Of all the rooms in the Torre Cesme, Yrene Towers loved this one best.

Perhaps it was because the room, located at the very pinnacle of the pale-stoned tower and its sprawling complex below, had unparalleled views of the sunset over Antica.

Perhaps it was because this was the place where she’d felt the first shred of safety in nearly ten years. The place she had first looked upon the ancient woman now sitting across the paper- and book-strewn desk, and heard the words that changed everything: You are welcome here, Yrene Towers.

It had been over two years since then.

Two years of working here, living here, in this tower and in this city of so many peoples, so many foods and caches of knowledge.

It had been all she’d dreamed it would be—and she had seized every opportunity, every challenge, with both hands. Had studied and listened and practiced and saved lives, changed them, until she had climbed to the very top of her class. Until an unknown healer’s daughter from Fenharrow was approached by healers old and young, who had trained their entire lives, for her advice and assistance.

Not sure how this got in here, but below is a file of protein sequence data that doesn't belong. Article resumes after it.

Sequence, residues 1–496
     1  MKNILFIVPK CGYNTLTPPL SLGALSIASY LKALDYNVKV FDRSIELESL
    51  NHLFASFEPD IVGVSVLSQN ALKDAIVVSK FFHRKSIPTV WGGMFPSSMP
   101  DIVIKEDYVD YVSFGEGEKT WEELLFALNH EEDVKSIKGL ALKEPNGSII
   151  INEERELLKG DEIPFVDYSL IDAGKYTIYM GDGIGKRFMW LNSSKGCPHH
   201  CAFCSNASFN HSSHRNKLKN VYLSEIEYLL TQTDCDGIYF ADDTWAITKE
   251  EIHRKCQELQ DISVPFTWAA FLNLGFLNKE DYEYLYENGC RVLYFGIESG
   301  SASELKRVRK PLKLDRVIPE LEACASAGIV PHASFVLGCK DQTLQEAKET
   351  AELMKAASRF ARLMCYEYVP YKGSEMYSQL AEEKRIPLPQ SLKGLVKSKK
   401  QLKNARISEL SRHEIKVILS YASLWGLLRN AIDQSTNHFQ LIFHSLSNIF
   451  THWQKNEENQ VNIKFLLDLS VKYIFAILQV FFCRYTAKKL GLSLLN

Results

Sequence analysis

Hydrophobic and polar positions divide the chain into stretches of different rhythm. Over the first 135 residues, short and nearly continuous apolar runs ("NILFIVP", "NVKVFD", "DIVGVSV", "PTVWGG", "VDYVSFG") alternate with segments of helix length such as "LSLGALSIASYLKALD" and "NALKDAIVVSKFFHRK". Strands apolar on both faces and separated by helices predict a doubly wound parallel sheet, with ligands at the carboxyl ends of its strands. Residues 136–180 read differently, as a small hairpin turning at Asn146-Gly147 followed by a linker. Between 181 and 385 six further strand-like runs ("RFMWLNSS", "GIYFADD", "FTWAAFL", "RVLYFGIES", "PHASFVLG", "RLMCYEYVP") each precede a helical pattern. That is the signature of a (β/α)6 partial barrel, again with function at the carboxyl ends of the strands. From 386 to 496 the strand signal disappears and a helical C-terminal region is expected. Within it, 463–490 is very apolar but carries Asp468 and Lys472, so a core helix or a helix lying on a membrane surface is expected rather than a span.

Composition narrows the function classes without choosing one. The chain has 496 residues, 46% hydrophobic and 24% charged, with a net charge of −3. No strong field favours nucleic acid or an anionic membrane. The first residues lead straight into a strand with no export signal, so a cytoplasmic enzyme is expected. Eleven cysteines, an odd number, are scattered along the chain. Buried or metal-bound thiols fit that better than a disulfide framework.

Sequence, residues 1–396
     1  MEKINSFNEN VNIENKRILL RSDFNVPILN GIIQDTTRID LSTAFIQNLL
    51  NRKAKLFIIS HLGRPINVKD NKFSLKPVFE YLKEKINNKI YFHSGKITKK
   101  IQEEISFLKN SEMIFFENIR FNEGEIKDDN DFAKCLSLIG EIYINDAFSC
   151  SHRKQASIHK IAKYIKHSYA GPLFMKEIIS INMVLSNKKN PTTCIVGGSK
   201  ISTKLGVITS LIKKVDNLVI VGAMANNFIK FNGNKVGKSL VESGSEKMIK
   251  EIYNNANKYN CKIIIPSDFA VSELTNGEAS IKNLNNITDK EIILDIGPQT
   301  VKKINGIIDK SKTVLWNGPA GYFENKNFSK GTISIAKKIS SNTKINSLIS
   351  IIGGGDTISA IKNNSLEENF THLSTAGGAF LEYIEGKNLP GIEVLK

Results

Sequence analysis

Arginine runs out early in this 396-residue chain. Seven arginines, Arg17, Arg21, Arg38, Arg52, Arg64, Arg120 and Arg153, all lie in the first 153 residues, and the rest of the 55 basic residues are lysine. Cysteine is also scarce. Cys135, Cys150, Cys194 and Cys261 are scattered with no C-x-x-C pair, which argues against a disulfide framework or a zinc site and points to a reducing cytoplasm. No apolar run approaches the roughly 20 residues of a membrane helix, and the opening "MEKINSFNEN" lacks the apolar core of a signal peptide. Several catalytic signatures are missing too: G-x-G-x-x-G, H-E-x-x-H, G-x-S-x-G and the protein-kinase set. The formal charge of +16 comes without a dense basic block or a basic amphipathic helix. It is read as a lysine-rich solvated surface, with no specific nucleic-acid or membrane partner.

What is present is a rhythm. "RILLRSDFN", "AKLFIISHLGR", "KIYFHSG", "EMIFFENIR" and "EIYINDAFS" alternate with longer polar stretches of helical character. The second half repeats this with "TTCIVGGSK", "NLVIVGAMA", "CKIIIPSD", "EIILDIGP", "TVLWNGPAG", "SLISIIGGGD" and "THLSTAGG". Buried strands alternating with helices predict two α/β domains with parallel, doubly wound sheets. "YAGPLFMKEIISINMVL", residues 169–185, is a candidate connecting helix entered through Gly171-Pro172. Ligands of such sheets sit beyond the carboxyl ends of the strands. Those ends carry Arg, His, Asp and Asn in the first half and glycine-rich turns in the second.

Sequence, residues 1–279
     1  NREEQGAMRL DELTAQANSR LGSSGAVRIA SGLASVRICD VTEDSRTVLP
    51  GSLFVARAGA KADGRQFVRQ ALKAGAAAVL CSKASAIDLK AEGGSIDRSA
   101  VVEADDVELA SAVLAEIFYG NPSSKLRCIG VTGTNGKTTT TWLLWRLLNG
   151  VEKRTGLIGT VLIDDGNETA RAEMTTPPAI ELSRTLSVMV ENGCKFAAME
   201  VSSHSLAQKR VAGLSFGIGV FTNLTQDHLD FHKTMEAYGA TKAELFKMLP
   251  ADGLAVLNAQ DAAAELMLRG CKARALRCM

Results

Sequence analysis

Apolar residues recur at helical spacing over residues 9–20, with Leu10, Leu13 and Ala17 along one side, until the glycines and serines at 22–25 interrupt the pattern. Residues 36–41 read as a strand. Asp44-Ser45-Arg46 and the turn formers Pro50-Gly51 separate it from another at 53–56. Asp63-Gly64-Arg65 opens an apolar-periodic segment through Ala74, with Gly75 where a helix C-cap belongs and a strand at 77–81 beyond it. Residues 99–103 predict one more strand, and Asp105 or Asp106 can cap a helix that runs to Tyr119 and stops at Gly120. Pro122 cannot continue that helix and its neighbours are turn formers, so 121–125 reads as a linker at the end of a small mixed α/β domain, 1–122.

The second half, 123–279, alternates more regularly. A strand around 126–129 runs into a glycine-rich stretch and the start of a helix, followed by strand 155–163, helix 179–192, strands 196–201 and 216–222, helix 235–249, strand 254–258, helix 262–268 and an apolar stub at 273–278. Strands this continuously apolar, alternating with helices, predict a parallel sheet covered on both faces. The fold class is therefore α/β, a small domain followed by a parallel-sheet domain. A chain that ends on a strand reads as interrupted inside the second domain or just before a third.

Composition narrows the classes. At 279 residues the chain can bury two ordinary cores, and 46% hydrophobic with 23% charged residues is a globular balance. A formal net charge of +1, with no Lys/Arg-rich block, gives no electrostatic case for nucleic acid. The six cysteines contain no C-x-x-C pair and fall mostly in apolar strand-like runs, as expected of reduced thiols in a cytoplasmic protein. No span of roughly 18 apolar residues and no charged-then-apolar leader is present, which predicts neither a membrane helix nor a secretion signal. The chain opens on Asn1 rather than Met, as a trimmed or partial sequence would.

The magic helped. Glorious, lovely magic that could make her breathless or so tired she couldn’t get out of bed for days. Magic demanded a cost—to both healer and patient. But Yrene was willing to pay it. She had never minded the aftermath of a brutal healing.

If it meant saving a life … Silba had granted her a gift—and a young stranger had given her another gift, that final night in Innish two years ago. Yrene had no plans to waste either.